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Man’s conviction from controlled drug buy upheld

April 30, 2015

An Anderson man who was criminally convicted for selling drugs to a confidential informant waived both his arguments on appeal, the Indiana Court of Appeals ruled Thursday. And, the judges found no fundamental error in a jury instruction given or the admission of cash found on the defendant by police.

David Trueblood offered to serve as a confidential informant and conduct a controlled drug buy from Bruce Evans after Trueblood’s sister-in-law overdosed in the house where Evans lived. The controlled buy took place the same day as Trueblood’s sister-in-law’s overdose. After the heroin buy was completed, police got a search warrant for the house, arrested Evans and found nearly $1,800 in cash on him, including the $80 used in the controlled drug purchase.

Evans was convicted of Class B felony dealing in a narcotic drug and pleaded guilty to begin a habitual substance offender. At his trial, several people testified, including Trueblood’s sister-in-law, that they had purchased heroin from Evans the same day as the controlled drug buy. Evans also sought to exclude from evidence any money found on him that wasn’t from the controlled drug buy, but the trial court denied his motion.

Evans did not object to any proposed jury instructions, but in Bruce Angelo Evans v. State of Indiana, 48A02-1407-CR-496, he raised the argument that the jury unanimity instruction should have mentioned that the jurors had to rely on the same sale of heroin to support his conviction. Because multiple people testified that they also purchased drugs from him that day, it is unclear what sale the jury relied on.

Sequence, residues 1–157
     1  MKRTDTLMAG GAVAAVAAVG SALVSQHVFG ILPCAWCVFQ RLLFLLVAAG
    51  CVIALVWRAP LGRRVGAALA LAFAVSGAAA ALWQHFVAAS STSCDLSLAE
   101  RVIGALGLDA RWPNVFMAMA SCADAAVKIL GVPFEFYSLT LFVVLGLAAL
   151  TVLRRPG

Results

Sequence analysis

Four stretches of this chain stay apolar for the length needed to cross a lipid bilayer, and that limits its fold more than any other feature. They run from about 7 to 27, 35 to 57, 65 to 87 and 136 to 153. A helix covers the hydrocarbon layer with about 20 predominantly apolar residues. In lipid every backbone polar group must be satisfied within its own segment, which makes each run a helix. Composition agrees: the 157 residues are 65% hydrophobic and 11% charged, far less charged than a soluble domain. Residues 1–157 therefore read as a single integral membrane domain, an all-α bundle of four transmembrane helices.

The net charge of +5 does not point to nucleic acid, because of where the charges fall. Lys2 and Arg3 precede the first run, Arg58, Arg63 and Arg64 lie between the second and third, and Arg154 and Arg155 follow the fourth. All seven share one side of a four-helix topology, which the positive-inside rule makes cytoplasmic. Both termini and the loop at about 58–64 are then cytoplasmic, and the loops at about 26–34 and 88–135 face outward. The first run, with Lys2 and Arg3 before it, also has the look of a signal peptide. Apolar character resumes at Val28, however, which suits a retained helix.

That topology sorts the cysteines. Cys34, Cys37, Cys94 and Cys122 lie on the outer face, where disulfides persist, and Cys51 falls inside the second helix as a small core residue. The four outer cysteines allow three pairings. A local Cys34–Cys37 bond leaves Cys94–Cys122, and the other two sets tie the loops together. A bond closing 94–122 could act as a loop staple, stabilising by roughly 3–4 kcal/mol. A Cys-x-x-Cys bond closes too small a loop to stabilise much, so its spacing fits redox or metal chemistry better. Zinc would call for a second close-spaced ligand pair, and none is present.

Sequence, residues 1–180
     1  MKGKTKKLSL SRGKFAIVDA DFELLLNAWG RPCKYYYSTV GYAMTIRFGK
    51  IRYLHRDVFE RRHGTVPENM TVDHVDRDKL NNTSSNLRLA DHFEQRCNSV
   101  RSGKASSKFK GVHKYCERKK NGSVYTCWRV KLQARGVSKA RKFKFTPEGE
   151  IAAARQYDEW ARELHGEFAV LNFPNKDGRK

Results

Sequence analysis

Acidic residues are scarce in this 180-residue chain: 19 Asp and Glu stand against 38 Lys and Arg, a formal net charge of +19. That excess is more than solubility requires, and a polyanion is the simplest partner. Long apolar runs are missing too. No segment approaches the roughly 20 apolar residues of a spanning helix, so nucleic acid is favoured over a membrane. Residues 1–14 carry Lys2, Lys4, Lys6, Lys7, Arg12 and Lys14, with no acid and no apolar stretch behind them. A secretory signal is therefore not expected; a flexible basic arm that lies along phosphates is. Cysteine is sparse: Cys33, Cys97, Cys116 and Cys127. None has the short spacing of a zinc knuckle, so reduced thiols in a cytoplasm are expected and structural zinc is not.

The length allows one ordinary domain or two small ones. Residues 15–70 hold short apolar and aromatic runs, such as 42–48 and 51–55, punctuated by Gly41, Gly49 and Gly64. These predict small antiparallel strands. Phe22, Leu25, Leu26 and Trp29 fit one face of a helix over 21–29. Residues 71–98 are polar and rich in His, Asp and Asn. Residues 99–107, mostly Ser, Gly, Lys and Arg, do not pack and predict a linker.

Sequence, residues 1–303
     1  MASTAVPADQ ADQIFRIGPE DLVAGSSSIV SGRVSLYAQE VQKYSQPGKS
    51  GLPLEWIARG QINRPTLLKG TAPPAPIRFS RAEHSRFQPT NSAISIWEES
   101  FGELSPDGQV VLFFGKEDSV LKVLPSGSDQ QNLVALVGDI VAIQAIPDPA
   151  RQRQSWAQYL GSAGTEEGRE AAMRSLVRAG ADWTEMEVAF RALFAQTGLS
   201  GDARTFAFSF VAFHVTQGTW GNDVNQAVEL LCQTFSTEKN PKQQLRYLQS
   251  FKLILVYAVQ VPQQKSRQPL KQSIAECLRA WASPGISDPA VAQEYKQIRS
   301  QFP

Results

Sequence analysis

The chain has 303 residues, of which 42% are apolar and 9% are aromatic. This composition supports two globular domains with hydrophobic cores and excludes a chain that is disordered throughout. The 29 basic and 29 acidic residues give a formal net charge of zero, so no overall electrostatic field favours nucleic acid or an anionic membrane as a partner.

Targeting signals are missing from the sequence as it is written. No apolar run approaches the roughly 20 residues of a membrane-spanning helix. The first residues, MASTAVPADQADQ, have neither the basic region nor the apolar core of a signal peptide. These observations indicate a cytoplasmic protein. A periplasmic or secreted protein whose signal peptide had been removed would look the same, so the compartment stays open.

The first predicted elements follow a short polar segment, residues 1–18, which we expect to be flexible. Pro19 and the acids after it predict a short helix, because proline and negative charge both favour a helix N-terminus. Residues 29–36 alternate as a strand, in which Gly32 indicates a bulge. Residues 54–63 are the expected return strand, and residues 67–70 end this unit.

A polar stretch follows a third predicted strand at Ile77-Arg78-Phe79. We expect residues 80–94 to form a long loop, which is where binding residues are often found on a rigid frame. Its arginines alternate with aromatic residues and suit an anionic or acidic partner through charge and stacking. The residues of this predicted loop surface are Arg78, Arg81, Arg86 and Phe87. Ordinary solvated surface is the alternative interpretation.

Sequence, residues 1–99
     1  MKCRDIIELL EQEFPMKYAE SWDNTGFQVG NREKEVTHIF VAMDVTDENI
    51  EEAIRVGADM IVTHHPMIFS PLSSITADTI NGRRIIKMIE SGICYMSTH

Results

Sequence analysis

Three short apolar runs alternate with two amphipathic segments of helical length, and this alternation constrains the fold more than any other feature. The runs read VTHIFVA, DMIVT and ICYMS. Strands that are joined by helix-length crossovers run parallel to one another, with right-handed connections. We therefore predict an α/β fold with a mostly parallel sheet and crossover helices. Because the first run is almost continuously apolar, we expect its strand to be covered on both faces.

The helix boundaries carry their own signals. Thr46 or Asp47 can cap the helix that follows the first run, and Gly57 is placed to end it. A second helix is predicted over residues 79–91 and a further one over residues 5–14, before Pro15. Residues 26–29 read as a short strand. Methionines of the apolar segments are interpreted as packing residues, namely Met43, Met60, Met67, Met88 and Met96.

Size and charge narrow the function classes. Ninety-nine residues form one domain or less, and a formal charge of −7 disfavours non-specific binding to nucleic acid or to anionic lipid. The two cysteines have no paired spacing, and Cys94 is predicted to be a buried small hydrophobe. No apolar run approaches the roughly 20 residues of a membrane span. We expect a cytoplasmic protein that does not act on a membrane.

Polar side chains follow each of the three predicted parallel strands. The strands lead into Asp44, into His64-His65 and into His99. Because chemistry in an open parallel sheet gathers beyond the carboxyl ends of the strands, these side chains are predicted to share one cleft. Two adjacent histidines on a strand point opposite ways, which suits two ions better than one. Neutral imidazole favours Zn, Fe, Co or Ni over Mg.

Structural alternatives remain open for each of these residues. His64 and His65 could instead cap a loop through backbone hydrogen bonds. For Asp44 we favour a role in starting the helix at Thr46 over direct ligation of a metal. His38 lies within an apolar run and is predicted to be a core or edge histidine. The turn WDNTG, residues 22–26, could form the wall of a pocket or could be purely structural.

But since he didn’t object at trial, the COA evaluated the argument using the fundamental error doctrine. Although there was evidence of other drug sales and the state mentioned those sales in its arguments, the overwhelming evidence focused on the controlled buy, Chief Judge Nancy Vaidik wrote. She did suggest in the future that the state be more specific in its charging information as to which act is the basis of the charge.

And Evans waived his argument on appeal regarding the admission of the cash found on him at his arrest. The trial court denied his motion in limine regarding the admission of that evidence. Evans also did not object to the testimony of a detective regarding the additional money found on him, but he later objected when a picture of the cash was admitted as evidence. This latter objection is insufficient to preserve the error on appeal, the COA held.

Waiver notwithstanding, any error in admitting this evidence was harmless based on other evidence admitted at his trial.

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